I'm presently serving as chair of the Genearal Assembly Mission Council of the Presbyterian Church, (USA). We had the first meeting of my term earlier this month but I was unable to attend due to my Mother's illness and passing. So instead, I did a written report to lay out my vision for the board over the next two years. It was read to the board Oct. 7. Several folks have asked for a copy. You can find it here in pdf as a GAMC information item but I'm also including the full text below.
General Assembly Mission Council
Mike Kruse, Chair - Report
Hello friends. As you likely know by now, I will not be with you for this meeting. Family matters have emerged that prevent my attendance. Thank you for your prayers and words of encouragement.
Though I can’t be present in person, I wanted to share with you a vision for our next two years. You might call it the “Make Sense” initiative. What does that mean? Let me give some background.
The GAMC has been subject to a cycle of restructuring and reductions in force for more than twenty years. These actions have been necessary but they alone cannot give as sustainable vibrant GAMC. The world has changed and continues to change at an accelerating rate. We need to make better sense of our mission context and our ministry if we are to do sustainable ministry. But how do we go about making better sense? I believe a key to answering that question is better understanding of our role as board members of the GAMC.
A few months ago, I asked GAMC members who attended the new member orientation two years ago what improvements we might make. The most common response was a need for clarity on the role of board member. There is confusion. As I’ve listened and reflected on feedback, I think we are struggling with confusion between volunteerism and governance.
For many of us, the session or the presbytery is the only board experience we have had. How did we come into these leadership roles? We were active in the life of our local congregation or presbytery. We taught Sunday School, led mission teams, helped manage finances or contributed in host of other ways. We were devoted volunteers. Each of us participate in our congregations on a weekly basis, we see how the programs work, and we know the people doing the work. Volunteerism (participation in the programmatic work) and governance (setting policies, verifying performance, and setting overarching objective) are rolled into one.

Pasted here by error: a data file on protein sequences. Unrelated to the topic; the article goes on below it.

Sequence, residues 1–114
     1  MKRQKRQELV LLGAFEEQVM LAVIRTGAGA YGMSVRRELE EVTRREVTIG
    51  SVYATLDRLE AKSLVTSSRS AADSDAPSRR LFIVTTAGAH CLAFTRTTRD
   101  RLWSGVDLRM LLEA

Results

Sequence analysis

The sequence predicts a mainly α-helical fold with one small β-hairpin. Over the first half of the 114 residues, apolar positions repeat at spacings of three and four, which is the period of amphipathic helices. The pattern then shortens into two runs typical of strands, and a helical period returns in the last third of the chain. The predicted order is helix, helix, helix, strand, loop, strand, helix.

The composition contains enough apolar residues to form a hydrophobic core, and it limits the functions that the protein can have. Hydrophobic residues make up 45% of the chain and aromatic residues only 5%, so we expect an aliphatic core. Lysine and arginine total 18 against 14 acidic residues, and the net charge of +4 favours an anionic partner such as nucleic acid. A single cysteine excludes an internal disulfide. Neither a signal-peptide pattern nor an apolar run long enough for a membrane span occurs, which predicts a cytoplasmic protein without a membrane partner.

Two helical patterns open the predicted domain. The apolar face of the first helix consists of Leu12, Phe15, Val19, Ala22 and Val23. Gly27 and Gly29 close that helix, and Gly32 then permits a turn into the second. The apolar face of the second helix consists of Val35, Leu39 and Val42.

But when we come to the GAMC there are more than one hundred programs, more than 500 staff (including mission workers), and a budget of $82 million. We don’t have an ongoing intimate knowledge of the programming. We don’t know the staff that well. Our experience is one of dropping into Louisville two or three times a year for meetings. There is no way we can have the relationship to the GAMC that we’ve had with our congregation or presbytery. Our inclination is to volunteer by “helping” to manage staff and programming. Yet we are cautioned from doing this. So what is our role?
Over the past two years, the executive committee has been reflecting on a book called Governance as Leadership by Chait, Ryan and Taylor. They define governance in terms of three responsibilities: Fiduciary, Strategic, and Generative.
Fiduciary governance is asking the question “What’s wrong?” Legal documents are reviewed, budgets are scrutinized, and compliance with policies is measured in pursuit of identifying problems. It is focused inward on the operations of the organization. It is vital work. But as important as this work is, it can be a bit like being a police officer who signed up to protect and serve, but finds herself parked by a highway causing drivers to be more attentive to their driving by her presence. It may be effective and important but it is hardly inspiring. Sometimes we may feel that way about our own role.
Strategic governance is about asking “What’s the plan?” A problem has been identified … or maybe an opportunity emerges. How will we address it? Strategic work involves looking outward to see how our organization can best interact with the world. For boards, this usually means setting a strategic direction at the broadest level. But board members are generalists. Strategy specifics are usually beyond our scope. So when we move from high level strategy our role becomes one of ensuring staff has a strategy that answers the “What’s the plan?” question.